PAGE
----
Tackling depression with digital tools

Internet-based services can treat people with depression, improve access to therapy and raise the quality of care, according to an EU-funded project that has conducted the first large-scale trials of a novel blended treatment approach using standard therapy sessions combined with digital tools.

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Countries
Countries
  Algeria
  Argentina
  Australia
  Austria
  Bangladesh
  Belarus
  Belgium
  Benin
  Bolivia
  Bosnia and Herzegovina
  Brazil
  Bulgaria
  Burkina Faso
  Cambodia
  Cameroon
  Canada
  Cape Verde
  Chile
  China
  Colombia
  Costa Rica
  Croatia
  Cyprus
  Czechia
  Denmark
  Ecuador
  Egypt
  Estonia
  Ethiopia
  Faroe Islands
  Finland
  France
  French Polynesia
  Georgia


 

Published: 4 June 2018  
Related theme(s) and subtheme(s)
Health & life sciencesHealth systems & management  |  Major diseases  |  Medical research
Information societyInformation technology
Innovation
International cooperation
Research policySeventh Framework Programme
Countries involved in the project described in the article
Belgium  |  Denmark  |  France  |  Germany  |  Ireland  |  Poland  |  Portugal  |  Spain  |  Sweden  |  Switzerland  |  United Kingdom
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Tackling depression with digital tools

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© Black Brush #177103164, 2018. Source: fotolia.com

Across Europe, it is estimated that more than 30 million people suffer from major depression, but many are not diagnosed, do not receive adequate treatment or have difficulties accessing regular therapy. Researchers working in the E-COMPARED project sought to determine how those challenges could be addressed through internet-based treatments using easily accessible, always-on digital tools interwoven with traditional face-to-face cognitive behavioural therapy sessions to improve the scope and effectiveness of care.

“We developed a new blended cognitive behavioural therapy protocol for adults with major depression that combines the best of both worlds: digital and face-to-face sessions,” says E-COMPARED coordinator professor Heleen Riper at Vrije Universiteit in Amsterdam. “We also conducted the first large-scale European trials with a large number of participants and long-term follow-up to assess the clinical impact and cost-effectiveness of the approach.”

More than 800 patients in nine EU countries were given access to secure online platforms in which they could work through interactive exercises to help deal with depression. These included proven therapy techniques, such as psycho-education, behavioural activation, problem solving and relapse prevention.

Using their computers or smartphones, participants could learn about depression and its effects, enabling them to better assess their own health by monitoring their symptoms daily. They could then complete tasks to help them to better understand their symptoms and acquire a sense of control. The platform provides interactive exercises, videos and tasks to help patients cope with their illness and integrate the strategies they learn into their daily life, including setting positive goals and becoming more active.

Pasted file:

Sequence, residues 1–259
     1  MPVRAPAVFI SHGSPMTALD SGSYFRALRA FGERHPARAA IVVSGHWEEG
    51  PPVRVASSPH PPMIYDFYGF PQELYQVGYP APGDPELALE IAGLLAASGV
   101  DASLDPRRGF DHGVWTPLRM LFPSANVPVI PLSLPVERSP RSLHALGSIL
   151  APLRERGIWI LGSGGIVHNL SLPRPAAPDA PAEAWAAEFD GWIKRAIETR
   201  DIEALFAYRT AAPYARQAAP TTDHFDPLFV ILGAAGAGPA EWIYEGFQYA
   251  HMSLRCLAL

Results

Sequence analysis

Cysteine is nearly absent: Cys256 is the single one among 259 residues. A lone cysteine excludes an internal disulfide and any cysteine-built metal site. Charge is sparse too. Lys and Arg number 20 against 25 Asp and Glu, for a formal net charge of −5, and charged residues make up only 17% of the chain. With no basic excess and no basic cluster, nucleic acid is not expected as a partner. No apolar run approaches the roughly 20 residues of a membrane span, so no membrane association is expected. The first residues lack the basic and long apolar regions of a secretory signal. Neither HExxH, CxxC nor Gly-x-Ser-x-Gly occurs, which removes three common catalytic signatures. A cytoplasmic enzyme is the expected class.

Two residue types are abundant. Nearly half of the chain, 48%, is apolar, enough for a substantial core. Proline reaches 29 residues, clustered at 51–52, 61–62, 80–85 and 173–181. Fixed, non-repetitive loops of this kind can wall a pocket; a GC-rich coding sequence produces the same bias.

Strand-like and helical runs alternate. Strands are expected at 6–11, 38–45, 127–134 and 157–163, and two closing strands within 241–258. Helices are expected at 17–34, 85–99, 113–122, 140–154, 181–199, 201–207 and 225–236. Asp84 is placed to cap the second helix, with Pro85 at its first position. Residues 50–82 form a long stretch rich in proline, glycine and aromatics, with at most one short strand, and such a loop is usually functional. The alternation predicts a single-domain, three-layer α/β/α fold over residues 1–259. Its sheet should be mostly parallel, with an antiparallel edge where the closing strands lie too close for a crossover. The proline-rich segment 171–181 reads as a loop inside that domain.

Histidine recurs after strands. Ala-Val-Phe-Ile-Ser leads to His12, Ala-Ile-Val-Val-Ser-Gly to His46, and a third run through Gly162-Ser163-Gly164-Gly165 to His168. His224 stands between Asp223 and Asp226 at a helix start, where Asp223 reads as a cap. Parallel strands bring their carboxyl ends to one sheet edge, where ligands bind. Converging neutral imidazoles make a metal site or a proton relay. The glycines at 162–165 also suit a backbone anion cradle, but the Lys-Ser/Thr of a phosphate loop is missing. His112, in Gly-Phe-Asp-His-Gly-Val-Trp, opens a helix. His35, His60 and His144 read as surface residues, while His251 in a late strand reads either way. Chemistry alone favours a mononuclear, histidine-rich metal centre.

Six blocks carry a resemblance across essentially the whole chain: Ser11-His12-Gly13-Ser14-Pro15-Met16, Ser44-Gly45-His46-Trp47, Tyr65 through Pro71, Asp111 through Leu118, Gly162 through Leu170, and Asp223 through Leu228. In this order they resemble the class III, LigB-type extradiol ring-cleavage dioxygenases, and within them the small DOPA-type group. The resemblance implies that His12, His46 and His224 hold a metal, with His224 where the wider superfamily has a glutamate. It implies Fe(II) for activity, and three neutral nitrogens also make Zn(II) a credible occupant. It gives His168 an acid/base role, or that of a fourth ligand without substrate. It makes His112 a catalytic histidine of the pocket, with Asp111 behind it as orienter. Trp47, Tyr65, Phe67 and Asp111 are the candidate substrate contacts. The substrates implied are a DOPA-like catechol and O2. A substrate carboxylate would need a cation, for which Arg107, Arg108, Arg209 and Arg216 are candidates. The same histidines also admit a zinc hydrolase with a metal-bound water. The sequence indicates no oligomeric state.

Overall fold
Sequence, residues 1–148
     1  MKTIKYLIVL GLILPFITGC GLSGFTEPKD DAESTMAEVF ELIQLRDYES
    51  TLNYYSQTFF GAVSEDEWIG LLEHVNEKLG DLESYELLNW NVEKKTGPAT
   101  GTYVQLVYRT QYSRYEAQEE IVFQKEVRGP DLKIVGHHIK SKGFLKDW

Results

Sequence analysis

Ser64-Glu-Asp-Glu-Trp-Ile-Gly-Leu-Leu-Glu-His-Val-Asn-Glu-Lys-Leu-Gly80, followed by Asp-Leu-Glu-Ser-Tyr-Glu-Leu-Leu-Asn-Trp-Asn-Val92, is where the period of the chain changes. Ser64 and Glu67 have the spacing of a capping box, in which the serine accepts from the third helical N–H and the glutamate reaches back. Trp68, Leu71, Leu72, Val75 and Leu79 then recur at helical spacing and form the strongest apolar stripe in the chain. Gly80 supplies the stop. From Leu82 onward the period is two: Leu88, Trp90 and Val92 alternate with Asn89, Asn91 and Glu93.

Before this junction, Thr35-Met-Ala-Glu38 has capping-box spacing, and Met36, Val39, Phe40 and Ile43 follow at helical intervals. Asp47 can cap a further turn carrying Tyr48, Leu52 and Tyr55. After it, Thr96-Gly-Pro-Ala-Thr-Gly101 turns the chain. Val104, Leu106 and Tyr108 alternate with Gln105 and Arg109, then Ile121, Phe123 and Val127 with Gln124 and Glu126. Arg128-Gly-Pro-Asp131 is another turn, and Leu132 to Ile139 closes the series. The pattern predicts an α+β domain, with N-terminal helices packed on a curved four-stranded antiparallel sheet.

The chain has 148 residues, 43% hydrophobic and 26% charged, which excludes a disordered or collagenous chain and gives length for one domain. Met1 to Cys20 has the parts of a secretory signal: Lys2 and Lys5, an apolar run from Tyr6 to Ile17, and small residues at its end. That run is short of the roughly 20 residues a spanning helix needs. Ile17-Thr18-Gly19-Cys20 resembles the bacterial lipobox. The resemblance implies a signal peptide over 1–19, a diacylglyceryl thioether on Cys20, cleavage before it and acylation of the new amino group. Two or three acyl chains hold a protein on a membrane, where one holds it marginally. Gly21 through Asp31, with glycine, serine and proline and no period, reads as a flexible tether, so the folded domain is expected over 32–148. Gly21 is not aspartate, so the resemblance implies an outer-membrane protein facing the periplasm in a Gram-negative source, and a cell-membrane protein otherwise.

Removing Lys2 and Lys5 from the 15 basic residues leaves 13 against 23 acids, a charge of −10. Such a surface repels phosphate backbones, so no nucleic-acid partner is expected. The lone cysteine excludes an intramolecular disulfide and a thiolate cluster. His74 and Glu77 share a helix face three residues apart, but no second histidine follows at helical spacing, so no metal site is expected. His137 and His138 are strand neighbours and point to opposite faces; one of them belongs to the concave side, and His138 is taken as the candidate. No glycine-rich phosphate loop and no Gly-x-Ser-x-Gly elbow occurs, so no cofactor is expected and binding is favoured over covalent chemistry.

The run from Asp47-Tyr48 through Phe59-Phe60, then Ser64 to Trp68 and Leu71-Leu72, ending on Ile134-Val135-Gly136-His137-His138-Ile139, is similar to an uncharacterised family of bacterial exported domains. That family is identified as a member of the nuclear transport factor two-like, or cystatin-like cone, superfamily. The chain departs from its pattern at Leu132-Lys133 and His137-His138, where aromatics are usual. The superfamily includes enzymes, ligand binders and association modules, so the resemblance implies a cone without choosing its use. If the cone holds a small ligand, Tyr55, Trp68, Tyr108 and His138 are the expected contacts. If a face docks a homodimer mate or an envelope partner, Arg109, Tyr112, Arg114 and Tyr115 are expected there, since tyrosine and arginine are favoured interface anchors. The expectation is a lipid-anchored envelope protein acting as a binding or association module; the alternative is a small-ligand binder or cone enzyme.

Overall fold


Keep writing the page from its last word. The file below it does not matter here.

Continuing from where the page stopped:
The always accessible online tools were integrated with regular face-to-face sessions with therapists – an approach that trial results indicate is more effective in improving treatment outcomes than using standard therapy alone. Across the trials, patients showed a significant decrease in depressive symptoms when treated via E-COMPARED’s blended cognitive behavioural therapy compared to control groups undergoing regular therapy sessions.

“For the first time, we have an indication that blended treatment combining digital tools and face-to-face therapy may lead to better clinical outcomes than regular treatment for major depression in routine care,” Riper says.

An effective treatment

The digital tools were highly rated by trial participants, who valued the easy-to-use interface and the ability to instantly access exercises and tasks to monitor and tackle their symptoms. They also noted the importance of having face-to-face meetings with therapists.

Therapists also welcomed the technology, which provides greater insights into the evolution of patients’ symptoms in their daily life and can ease therapists’ workload, enabling them to treat more patients more effectively. The approach is likely to benefit healthcare providers, too, enabling resources, such as therapists’ time and skills, to be allocated more efficiently.

“Blended cognitive behavioural therapy is no less expensive from a healthcare provider’s perspective than standard therapy but the trials suggest it is more clinically effective,” Riper says.

Importantly, data generated by the digital tools can enable researchers to improve and personalise treatment approaches for depression. Used in combination with machine-learning technology, first results show it may predict which patient groups would benefit most from internet-based, standard or blended treatment by modelling patient characteristics.

“This project is an example of how you can go beyond the results of an initial EU project, the FP7 2009 ICT4Depression project, which developed some of the digital tools used in E-COMPARED,” Riper says. “We are now building an ongoing research platform, which could potentially be spun off into treatment platforms for patients across Europe as well.”

Project details

  • Project acronym: E-COMPARED
  • Participants: The Netherlands (Coordinator), Belgium, Switzerland, Germany, Denmark, Spain, France, Ireland, Poland, Portugal, Sweden, United Kingdom
  • Project N°: 603098
  • Total costs: € 7 743 088
  • EU contribution: € 5 827 000
  • Duration: January 2014 to June 2017

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